Earlier in the day President Trump tweeted that "there will be big news coming soon for our great American Autoworkers," promising that " After many decades of losing your jobs to other countries, you have waited long enough!"
There will be big news coming soon for our great American Autoworkers. After many decades of losing your jobs to other countries, you have waited long enough!— Donald J. Trump (@realDonaldTrump) May 23, 2018
This was followed up during the day by hopeful comments from various officials in the NAFTA negotiations that prompted hope for a positive resolution for an auto trade deal - which sparked aggressive buying in the Mexican Peso.
However, it seems Trump's "big news" is perhaps 'less good' for the NAFTA deal as the president has just instructed Commerce Secretary Wilbur Ross “to consider initiating a Section 232 investigation into imports of automobiles, including trucks, and automotive parts to determine their effects on America’s national security."
Statement from the President on Potential National Security Investigation into Automobile Imports
Today, I met with Secretary of Commerce Wilbur Ross to discuss the current state of our automobile industry.
I instructed Secretary Ross to consider initiating a Section 232 investigation into imports of automobiles, including trucks, and automotive parts to determine their effects on America’s national security.
Core industries such as automobiles and automotive parts are critical to our strength as a Nation.
As a reminder, this is the same provision of U.S. trade law in March when he called for tariffs on foreign-made steel and aluminum.
As The Washington Post reports, the Trump administration's move, trade analysts said, was designed to put pressure on Mexico during the final stages of negotiations for a new North American trade deal.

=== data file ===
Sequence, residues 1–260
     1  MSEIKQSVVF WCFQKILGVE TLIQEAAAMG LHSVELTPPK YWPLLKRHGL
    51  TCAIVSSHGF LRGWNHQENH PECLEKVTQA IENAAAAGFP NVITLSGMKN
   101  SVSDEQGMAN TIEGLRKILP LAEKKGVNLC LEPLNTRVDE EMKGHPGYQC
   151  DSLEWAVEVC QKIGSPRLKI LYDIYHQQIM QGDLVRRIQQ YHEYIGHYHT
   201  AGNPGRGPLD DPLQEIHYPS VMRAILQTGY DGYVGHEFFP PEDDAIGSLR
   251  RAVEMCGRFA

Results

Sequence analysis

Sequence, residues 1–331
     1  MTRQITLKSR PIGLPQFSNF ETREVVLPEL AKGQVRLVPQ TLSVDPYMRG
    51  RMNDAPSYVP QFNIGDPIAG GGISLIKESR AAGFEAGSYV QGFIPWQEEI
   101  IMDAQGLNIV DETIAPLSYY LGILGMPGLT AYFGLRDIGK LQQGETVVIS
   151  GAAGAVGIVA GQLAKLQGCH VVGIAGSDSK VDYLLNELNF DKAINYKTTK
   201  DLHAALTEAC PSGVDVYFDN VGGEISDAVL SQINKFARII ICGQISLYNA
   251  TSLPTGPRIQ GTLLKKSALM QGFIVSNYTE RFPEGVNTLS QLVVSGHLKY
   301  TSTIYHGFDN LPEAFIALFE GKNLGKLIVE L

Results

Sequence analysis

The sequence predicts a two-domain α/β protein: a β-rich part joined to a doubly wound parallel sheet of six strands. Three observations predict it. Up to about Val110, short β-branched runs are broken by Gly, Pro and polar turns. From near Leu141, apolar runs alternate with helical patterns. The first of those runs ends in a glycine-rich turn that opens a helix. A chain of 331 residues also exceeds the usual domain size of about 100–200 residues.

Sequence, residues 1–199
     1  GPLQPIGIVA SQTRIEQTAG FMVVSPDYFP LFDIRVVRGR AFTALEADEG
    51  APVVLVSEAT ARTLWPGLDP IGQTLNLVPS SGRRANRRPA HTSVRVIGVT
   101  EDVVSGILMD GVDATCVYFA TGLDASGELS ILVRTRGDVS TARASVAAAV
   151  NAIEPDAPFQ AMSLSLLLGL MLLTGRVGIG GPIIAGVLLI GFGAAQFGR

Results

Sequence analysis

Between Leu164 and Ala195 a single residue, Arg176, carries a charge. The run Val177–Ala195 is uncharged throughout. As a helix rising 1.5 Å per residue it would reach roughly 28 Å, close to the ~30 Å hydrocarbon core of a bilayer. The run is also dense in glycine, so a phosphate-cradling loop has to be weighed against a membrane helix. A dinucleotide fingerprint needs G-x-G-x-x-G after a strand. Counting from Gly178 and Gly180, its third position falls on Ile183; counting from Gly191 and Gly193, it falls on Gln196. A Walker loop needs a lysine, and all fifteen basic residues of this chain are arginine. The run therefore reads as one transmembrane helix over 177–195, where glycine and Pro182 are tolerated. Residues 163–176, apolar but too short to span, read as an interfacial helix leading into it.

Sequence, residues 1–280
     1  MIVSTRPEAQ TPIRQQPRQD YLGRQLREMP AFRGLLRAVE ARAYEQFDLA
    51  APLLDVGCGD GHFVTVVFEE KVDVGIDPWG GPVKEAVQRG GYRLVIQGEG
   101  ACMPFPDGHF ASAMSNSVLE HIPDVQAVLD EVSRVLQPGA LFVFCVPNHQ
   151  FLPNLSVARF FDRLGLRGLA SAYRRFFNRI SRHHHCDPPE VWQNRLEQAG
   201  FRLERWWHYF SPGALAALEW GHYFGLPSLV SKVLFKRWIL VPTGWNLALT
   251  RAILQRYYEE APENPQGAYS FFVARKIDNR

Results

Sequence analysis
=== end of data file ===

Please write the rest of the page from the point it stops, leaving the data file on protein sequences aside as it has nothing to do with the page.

Negotiators for the United States, Mexico and Canada remain deadlocked over rules for granting duty-free status to vehicles under a new North American trade deal.
The talks have been underway for more than nine months and appear likely to continue into 2019, Treasury Secretary Steven Mnuchin said this week.
The threat to impose an import tax on cars was seen as an attempt to press Mexican officials to accept a U.S. demand for a higher percentage of auto content to be made in American factories.
Talks over a replacement for the 1994 North American Free Trade Agreement among the United States, Mexico and Canada have made limited progress.
Negotiators remain divided on a host of contentious U.S. proposals, including a provision that would require the deal to be formally renewed every five years.
The proposed import tax was seen as an additional pressure point in the negotiations , with Mexico and Canada already scheduled to lose their exemption from Trump's metals tariffs in little more than a week.
"This has been discussed for some time, which makes me suspect that this is being leaked to put pressure on Mexico during NAFTA and on other parties seeking steel and aluminum exemptions ," said attorney Dan Ujczo of Dickinson Wright.
Initial reaction to the idea of an import tax on cars based on national security needs was unfriendly, with one veteran trade lawyer saying it would prompt "pant-wetting laughter — followed by retaliation" among U.S. trading partners.
So far no "pant-wetting laughter" but the peso is sliding lower.
Of course, this is not just NAFTA, as The FT notes, the national security investigation would clear the way for the imposition of new tariffs on cars from Europe, Japan and South Korea and lead to a major escalation of global trade tensions.
A unilateral move by the US to raise tariffs would also almost certainly be challenged at the World Trade Organization and lead to further retaliation by US trading partners.
“It’s flabbergasting. What makes the imports of cars a threat to the national security of the United States? It’s flagrant protectionism,” said one European official.
We suspect "who needs enemies" phrase will be heard tomorrow from America's European and Asia "allies."